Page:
“We know that comprehensive sex education, that information on prevention is fundamental but, due to certain political or conservative views, we find ourselves going backwards or that sex education is not being given to teenagers. So we are not equipping them with the knowledge of how to prevent pregnancy, or how to prevent HIV and sexually transmitted infections,” says Cabal.

    Breaking the taboo

    “What happened to me is that I had this question: why didn’t I know anyone who talked about this issue? I’d been involved in LGBT activism, I knew so many people in Colombia, and in other countries, and yet I didn’t know one living person who had HIV, or who talked openly about it at least. That was the start of my activism,” says De la Mar, talking about his thoughts on the silence and fear still surrounding the virus and that motivated him to make the documentary.

    “Every time we showed the documentary, people would write to me on Instagram or Facebook and say: ‘The same thing is happening to me and I haven’t been able to talk to anyone. What can I do? What did you do? Where do I go? I don’t have treatment. This is happening to my brother, to my partner or someone I am dating,’” he says, regarding the collective impact of the documentary, which became a source of support for people with HIV who had hitherto faced their diagnosis alone and in silence.

    Stigma and discrimination remain entrenched and are part of the painful reality affecting people living with HIV in Latin America and the Caribbean. Despite the progress made in terms of awareness, interviewees tell Equal Times that the lack of adequate education and the persistent spread of misinformation continue to perpetuate the stigma surrounding the virus.

    In Colombia, for example, the report Romper el círculo: Índice de estigma y discriminación en personas que viven con VIH/SIDA (Breaking the circle: Index of stigma and discrimination in people living with HIV/AIDS), which gathers interviews from across the country, reveals that after being diagnosed, people living with HIV experience feelings such as “shame (34.9 per cent), guilt (42.6 per cent), powerlessness (45.1 per cent), loneliness (52.4 per cent), resentment (29 per cent), low self-esteem (38.9 per cent), that they deserve to be punished (6.3 per cent), thoughts about suicide or death (16.6 per cent) and depression (35.8 per cent)”.

    “If your boss finds out you have HIV, you get fired. With an app like Grindr, it might be that you open it and they put a picture of you and say: ‘This person has AIDS, watch out!’ Then there’s more everyday things like being isolated by your family or the circle you move in. Or maybe they talk so loudly and violently about your diagnosis that you feel you can’t utter a word about it,” says the filmmaker about the difficulties faced by people with the virus.

    As Cabal of UNAIDS also underlines, the complexity increases when other factors such as gender-based violence and other forms of discrimination such as homophobia, transphobia, sexism or racism are added to the reality of HIV. Such factors, she says, exacerbate the marginalisation of people with HIV, limiting their chances of receiving the support they need by delaying access to medical care and appropriate treatment.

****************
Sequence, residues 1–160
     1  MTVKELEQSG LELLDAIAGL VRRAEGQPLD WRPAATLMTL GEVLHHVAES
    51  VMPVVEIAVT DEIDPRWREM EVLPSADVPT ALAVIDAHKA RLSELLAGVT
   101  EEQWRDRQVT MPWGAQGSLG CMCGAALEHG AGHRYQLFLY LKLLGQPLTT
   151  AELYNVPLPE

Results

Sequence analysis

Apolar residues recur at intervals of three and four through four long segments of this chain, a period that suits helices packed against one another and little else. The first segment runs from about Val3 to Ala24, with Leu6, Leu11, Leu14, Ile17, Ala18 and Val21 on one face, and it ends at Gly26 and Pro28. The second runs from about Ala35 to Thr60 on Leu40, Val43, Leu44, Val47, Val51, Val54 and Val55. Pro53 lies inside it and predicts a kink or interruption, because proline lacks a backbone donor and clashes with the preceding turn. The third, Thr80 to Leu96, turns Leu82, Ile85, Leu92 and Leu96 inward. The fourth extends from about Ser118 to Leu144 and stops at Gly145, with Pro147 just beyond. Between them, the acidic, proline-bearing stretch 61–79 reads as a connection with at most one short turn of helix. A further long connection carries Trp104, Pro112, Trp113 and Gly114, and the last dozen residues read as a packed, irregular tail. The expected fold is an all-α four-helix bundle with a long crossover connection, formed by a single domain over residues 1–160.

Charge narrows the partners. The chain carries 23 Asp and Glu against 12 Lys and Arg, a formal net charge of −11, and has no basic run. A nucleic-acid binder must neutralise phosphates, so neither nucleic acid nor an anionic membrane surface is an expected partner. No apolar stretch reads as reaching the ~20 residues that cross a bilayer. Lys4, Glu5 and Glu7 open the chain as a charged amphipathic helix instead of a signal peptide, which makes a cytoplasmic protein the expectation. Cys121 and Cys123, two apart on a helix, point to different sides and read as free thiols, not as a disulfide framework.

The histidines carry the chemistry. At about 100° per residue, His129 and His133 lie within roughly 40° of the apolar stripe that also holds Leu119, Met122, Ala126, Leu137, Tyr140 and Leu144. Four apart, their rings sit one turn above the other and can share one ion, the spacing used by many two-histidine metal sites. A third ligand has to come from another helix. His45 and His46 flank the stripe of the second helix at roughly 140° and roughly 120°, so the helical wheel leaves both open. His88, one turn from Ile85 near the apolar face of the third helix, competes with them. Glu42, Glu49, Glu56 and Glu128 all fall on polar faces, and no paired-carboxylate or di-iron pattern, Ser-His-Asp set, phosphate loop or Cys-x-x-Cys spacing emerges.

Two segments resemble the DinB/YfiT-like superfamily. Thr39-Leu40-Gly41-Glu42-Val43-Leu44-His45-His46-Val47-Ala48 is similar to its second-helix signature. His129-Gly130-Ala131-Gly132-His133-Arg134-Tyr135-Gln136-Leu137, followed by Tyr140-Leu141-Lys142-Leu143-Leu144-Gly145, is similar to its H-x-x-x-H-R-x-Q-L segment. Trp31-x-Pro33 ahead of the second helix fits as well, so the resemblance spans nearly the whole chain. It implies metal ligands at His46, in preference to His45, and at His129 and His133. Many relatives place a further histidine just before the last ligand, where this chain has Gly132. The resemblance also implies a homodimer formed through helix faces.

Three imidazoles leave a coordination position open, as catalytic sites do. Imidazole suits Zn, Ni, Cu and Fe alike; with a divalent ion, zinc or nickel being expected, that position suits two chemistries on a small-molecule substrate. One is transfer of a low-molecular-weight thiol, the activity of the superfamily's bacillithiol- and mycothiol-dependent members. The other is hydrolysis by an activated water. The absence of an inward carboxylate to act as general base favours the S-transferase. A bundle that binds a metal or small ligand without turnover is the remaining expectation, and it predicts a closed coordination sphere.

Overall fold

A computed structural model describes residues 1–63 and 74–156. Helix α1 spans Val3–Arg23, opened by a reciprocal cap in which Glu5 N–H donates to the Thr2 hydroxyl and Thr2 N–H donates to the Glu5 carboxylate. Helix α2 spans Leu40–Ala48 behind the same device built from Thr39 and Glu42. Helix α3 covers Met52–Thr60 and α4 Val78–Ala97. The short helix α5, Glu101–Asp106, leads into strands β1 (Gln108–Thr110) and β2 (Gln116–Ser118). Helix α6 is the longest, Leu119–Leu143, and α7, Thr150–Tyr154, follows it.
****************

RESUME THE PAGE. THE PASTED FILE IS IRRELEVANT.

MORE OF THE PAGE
“There is also the intimate and relational issue. There is a kind of obligation to tell people before engaging in sexual relations. And the truth is, if you are not in a space that is safe for you, telling someone about it can be dangerous. You might expose yourself to physical violence, to symbolic violence, to people relaying it on social media,” adds De la Mar.

    “And because you get it [HIV] through sex, in most cases, there is also the thinking that you don’t deserve to have a sexually active and pleasurable life. It’s as if the opportunity has passed you by, you’ve already brought it on yourself and you have to take care of yourself and do other things,” says the filmmaker.

    External debt and scope for action

    The UNAIDS report In Danger highlights another issue, that of global economic conditions and debt burdens in developing countries, which exacerbate inequalities and make it difficult to address structural issues such as health, education and social protection.

    In Latin America and other countries in the ‘Global South’, these structural inequalities create a situation in which access to HIV treatment is strongly influenced by a person’s socio-economic status. This is intensified by cross-cutting issues such as gender, sexual identity and urban-rural divides.

    For the UNAIDS representative, redressing the situation requires assessing whether states have the necessary capacity to ensure complete well-being in terms of health, both physical and psychosocial. This means considering determining factors such as access to education, clean water, nutrition and others, which are fundamental to safeguarding the quality of life of a population and the ability to make effective progress on the domestic front.

    The problem is heightened in various Central American and Caribbean nations, which are heavily dependent on foreign donors. As Cabal points out, if no account is taken of the internal challenges facing countries, it will be difficult to gain a complete understanding of the progress made in the fight against HIV/AIDS in the region and to envisage the ambitious UNAIDS goal of eliminating the pandemic by 2030.

    This article has been translated from Spanish.